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Googleshng - May 4 '04- 4:00 Eastern Standard Time

I became aware of this today. I cannot put into words how wrong that is.

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Time keeps tickin'...

Hey Goog,

This is a pet peeve of mine, tell me if you hate it as much as I do. Don't you hate it when you're playing an RPG, and you have to go somewhere, but are nowhere near a place to save and have come to far to start over from the last save, so you leave the system on, go do what you have to, then come back and your game time has just gone up four hours? I hate that SO MUCH just because it means I don't have an accurate tally of how much of my life I've spent playing whatever game I have in front of me. Does this nag at you as much as it does me?

Robust Stu
Gold Reviewer/Swell Guy

Googleshng:
Yes. Yes it does. Thus, I try to avoid such situations whenever possible, and when I can't, I just make a mental note to chop however much time off the final total so I can accurately tell people how long it took.

 
Reruns

where did chocobos originate from?

Googleshng:
Nausicaä of the Valley of Wind. Like I said yesterday when someone asked this.

 
Difficulty curves.

Google,

Andrew asked this question over the weekend, but I forgot to respond and so am giving the answer to you for now. He asked about most-hated aspects of RPGs.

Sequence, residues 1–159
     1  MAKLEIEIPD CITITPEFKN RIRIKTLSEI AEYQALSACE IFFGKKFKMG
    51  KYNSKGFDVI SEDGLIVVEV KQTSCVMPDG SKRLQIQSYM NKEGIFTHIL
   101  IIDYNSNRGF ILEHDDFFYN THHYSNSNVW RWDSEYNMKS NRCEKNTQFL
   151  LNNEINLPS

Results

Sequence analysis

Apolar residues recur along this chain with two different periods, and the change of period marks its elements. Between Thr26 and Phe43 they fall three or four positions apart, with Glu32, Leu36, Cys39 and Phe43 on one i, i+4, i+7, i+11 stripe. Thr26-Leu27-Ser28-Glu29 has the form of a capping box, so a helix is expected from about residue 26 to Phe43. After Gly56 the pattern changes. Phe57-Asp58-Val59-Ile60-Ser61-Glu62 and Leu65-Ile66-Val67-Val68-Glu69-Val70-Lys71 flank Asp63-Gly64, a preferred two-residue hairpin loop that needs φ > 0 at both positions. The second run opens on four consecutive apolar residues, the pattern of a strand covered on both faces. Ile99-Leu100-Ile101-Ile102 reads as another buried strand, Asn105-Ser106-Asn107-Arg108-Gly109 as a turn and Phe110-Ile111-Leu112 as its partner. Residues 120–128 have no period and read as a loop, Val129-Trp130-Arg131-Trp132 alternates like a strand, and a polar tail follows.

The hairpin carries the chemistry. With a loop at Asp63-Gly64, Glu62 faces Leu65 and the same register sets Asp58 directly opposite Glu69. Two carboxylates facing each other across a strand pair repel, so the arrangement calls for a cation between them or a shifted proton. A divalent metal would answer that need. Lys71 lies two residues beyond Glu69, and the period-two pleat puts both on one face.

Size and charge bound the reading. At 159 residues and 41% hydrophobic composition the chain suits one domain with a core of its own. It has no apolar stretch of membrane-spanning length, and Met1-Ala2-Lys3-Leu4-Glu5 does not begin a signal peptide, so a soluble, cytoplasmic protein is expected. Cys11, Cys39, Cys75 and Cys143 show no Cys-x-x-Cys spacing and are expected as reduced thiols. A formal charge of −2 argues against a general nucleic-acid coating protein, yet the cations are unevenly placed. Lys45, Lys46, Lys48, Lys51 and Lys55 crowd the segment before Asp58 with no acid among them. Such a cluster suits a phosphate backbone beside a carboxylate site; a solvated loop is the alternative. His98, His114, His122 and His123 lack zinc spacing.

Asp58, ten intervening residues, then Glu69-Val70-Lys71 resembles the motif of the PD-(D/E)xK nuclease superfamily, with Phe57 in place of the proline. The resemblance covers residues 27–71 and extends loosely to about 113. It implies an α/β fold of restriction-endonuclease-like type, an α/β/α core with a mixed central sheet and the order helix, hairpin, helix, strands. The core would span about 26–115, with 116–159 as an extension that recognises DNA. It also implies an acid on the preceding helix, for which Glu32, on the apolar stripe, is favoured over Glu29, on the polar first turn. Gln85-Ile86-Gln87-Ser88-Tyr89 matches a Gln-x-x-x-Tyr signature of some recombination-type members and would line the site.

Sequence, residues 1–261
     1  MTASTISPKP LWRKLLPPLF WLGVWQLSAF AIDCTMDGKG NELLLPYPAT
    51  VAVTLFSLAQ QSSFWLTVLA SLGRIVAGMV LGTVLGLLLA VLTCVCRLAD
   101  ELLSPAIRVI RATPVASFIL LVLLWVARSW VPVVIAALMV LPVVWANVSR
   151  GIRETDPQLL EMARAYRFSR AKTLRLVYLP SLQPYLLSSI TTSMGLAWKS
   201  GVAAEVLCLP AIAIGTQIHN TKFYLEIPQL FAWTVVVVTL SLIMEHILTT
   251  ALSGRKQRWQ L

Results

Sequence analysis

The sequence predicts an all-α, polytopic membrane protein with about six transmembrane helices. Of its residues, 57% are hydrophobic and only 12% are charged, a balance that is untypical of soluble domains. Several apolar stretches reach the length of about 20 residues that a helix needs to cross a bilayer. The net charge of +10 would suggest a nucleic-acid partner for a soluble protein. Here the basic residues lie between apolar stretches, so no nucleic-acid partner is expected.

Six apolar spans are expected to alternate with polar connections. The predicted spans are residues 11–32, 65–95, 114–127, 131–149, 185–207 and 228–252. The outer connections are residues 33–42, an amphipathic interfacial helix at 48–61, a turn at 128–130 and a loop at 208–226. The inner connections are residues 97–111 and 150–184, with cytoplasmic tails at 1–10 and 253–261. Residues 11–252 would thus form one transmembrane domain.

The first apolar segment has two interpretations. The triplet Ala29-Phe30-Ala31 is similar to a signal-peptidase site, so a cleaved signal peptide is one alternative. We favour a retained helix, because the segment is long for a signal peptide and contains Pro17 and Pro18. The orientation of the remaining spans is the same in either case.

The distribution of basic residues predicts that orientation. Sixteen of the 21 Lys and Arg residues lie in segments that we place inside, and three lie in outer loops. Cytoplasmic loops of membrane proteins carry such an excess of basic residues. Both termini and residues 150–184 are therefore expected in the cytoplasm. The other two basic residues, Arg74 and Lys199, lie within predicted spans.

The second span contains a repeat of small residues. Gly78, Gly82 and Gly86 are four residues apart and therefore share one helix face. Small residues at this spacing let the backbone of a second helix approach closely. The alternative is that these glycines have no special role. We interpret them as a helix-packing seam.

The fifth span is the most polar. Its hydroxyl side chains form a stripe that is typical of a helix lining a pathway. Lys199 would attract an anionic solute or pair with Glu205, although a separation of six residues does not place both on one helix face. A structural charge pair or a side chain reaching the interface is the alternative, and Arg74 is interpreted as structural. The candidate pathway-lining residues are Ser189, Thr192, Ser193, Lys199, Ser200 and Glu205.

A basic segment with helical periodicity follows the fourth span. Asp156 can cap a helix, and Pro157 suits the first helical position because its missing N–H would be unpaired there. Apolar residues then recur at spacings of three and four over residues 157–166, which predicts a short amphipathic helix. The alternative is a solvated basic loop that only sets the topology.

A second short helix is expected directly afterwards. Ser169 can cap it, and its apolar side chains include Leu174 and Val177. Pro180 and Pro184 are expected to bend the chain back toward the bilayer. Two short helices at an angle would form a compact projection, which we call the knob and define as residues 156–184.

My most-hated aspect of today's RPGs are the poor difficulty curves. The games are easy as hell the whole way through and you cruise on by. But then all of a sudden at the final dungeon (and sometimes not until the last boss himself) the difficulty skyrockets. I dread making it to the boss because I know it's going to be way too hard. Just from memory, this has happened to me in FF4, FF6, FF7, FF8, Xenogears, and Golden Sun. I was pleasantly surprised when I recently completed Xenosaga in only one final fight attempt.

For the record, I'm a fairly thorough player, but I don't look at strategy guides if I can help it. That means my characters are probably stronger than the game expects, as I get into more fights while exploring. I don't go overboard though - I never bothered with Knights of the Round for example.

People usually rank the games I mentioned as "easy", but I always have trouble at the end. It isn't good game design when you can make it to the final dungeon easily at level 25, but will have great difficulty finishing unless you're level 50. I was weaned on the teat of the original DW and FF, so I know difficulty - it's the curving these days that I have a problem with.

-JuntMonkey

Googleshng:
Yes, it's always annoying to have a cake walk end with a ridiculously hard boss. Almost as annoying of course is when you have a nice challenging game, and then a cake walk at the end. Now, you could make the arguement that it's really hard to set up a difficulty curve for an RPG, because the player's party gets steadily better over time and you have no way of controlling that. And if you make this argument, you have no business trying to work on game design. It's simple enough to set the stats up on your monsters to get a nice staircase looking difficulty curve, which when overlayed with the steady downward drop caused by experience levels going up, and end up with a nice little jagged line which heads upwards overall at a rate somewhat dependant on how much the player character builds. It's honestly a whole lot easier to get right than the curve for, say, an action game, where you have to juggle building familiarity with the controls with new ways to challenge it.




The Last Laugh:

Huzzah. My connection's looking stable. Just two more days and I'm in the clear.



Googleshng "You've seen them smash buildings..." @rpgamer.com

... now see them move colored blocks!

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